Ben Bernanke, the Chair of the United States Federal Reserve spoke at a conference on Asia in San Francisco at the beginning of the week.  In the speech he welcomed the return to growth in Asia noting that the region as a whole was expanding at an annual rate of over 9 percent during the second quarter and that China was growing at a rate of more than 10 percent. 


Though such growth reflected the growing global edge of recovery, Bernanke warned that this recovery could, if not handled correctly, lead to a return of the global imbalances, which he saw as lying at the heart of the global economic crisis.

He urged the United States to increase its national savings rate and proposed that the best way to do this was establish, “a sustainable fiscal trajectory anchored by a clear commitment to substantially reduce federal deficits over time.”  Equally, Bernanke urged Asian countries to rely less on an export strategies and encourage greater household consumption.  Though there had been a marked reduction, for example, in Chinese surpluses (China's trade surplus has narrowed, from 10% of GDP to about 6.5%) and an improvement in the US trade balance (the U.S. trade gap has narrowed to less than 3% of GDP) since the global economic crisis, the fear is that as recovery takes hold the pattern of surpluses from the East and the deficits especially from the United States would reemerge.     

One of the most innovative yet challenging commitments coming out from the Pittsburgh G20 Leaders Summit, was the collective agreement to establish a Framework and then policies to achieve the objective of a more balanced pattern of global growth and finally to evaluate the effort to achieve such a balanced global demand.  The commitment from the Leaders’ Statement reads:


5. Today we are launching a Framework for Strong, Sustainable, and Balanced Growth. To put in place this framework, we commit to develop a process whereby we set out our objectives, put forward policies to achieve these objectives, and together assess our progress. We will ask the IMF to help us with its analysis of how our respective national or regional policy frameworks fit together. We will ask the World Bank to advise us on progress in promoting development and poverty reduction as part of the rebalancing of global growth. We will work together to ensure that our fiscal, monetary, trade, and structural policies are collectively consistent with more sustainable and balanced trajectories of growth. We will undertake macro prudential and regulatory policies to help prevent credit and asset price cycles from becoming forces of destabilization. As we commit to implement a new, sustainable growth model, we should encourage work on measurement methods so as to better take into account the social and environmental dimensions of economic development.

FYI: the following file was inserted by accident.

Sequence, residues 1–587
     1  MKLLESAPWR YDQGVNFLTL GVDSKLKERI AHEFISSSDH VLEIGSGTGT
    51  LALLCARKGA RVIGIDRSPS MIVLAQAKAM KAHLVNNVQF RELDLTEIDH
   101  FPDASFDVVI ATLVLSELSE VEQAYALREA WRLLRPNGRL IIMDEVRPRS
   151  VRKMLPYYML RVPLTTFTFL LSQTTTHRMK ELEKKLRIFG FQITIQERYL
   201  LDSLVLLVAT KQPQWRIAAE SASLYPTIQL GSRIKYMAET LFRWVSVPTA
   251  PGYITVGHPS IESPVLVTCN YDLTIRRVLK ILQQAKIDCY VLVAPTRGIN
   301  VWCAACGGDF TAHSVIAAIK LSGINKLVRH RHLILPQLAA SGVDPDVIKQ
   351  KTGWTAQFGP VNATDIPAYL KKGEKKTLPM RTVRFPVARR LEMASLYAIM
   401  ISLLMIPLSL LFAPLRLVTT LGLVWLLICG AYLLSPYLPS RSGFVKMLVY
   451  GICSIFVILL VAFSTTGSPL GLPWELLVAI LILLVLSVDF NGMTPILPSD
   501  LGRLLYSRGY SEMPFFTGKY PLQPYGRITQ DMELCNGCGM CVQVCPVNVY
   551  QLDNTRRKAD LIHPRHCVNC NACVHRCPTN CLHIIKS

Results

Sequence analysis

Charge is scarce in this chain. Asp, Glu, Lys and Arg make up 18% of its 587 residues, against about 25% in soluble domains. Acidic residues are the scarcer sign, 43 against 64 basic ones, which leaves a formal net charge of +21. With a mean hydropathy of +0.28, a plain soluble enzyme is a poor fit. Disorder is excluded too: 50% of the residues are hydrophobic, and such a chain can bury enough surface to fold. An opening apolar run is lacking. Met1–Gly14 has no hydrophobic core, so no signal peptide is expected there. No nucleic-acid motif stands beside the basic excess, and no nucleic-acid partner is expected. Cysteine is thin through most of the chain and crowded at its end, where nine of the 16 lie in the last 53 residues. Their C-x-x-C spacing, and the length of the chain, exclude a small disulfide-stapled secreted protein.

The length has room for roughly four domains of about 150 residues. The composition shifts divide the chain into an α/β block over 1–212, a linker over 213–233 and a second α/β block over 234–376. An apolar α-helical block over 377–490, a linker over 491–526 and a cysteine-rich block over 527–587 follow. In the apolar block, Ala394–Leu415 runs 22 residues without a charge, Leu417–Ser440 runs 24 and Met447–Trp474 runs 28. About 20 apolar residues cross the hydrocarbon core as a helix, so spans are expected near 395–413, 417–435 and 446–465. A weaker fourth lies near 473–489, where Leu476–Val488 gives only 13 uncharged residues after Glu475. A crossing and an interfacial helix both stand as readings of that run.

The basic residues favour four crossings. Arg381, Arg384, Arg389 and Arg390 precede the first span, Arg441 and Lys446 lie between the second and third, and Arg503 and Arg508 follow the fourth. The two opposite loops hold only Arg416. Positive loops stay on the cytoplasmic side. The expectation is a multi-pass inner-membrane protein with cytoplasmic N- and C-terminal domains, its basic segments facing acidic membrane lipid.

6. We call on our Finance Ministers and Central Bank Governors to launch the new Framework by November by initiating a cooperative process of mutual assessment of our policy frameworks and the implications of those frameworks for the pattern and sustainability of global growth. We believe that regular consultations strengthened cooperation on macroeconomic policies, the exchange of experiences on structural policies, and ongoing assessment will promote the adoption of sound policies and secure a healthy global economy. Our compact is that:


  • G-20 members will agree on shared policy objectives. These objectives should be updated as conditions evolve.
  • G-20 members will set out our medium-term policy frameworks and will work together to assess the collective implications of our national policy frameworks for the level and pattern of global growth and to identify potential risks to financial stability.
  • G-20 Leaders will consider, based on the results of the mutual assessment, and agree any actions to meet our common objectives.


A successful effort to rebalance global imbalances will be a real test of for the G20 and an instance where the Gx process and the global governance institution will or will not successfully transition from commitment to implementation.  History suggests that such collective rebalancing is very difficult.


The prospect for success once the recovery takes hold is not high.  Though the US dollar has undergone a marked devaluation against the Euro, the Yen and other major currencies, there is an evident outlier here.  Since the emergence of the global financial crisis, Chinese authorities have held a tight rein on the renminbi.  It has failed to move.  Such a dollar-renminbi exchange cannot hold and still allow global imbalances to correct.  Chinese policy here could cripple rebalancing.   

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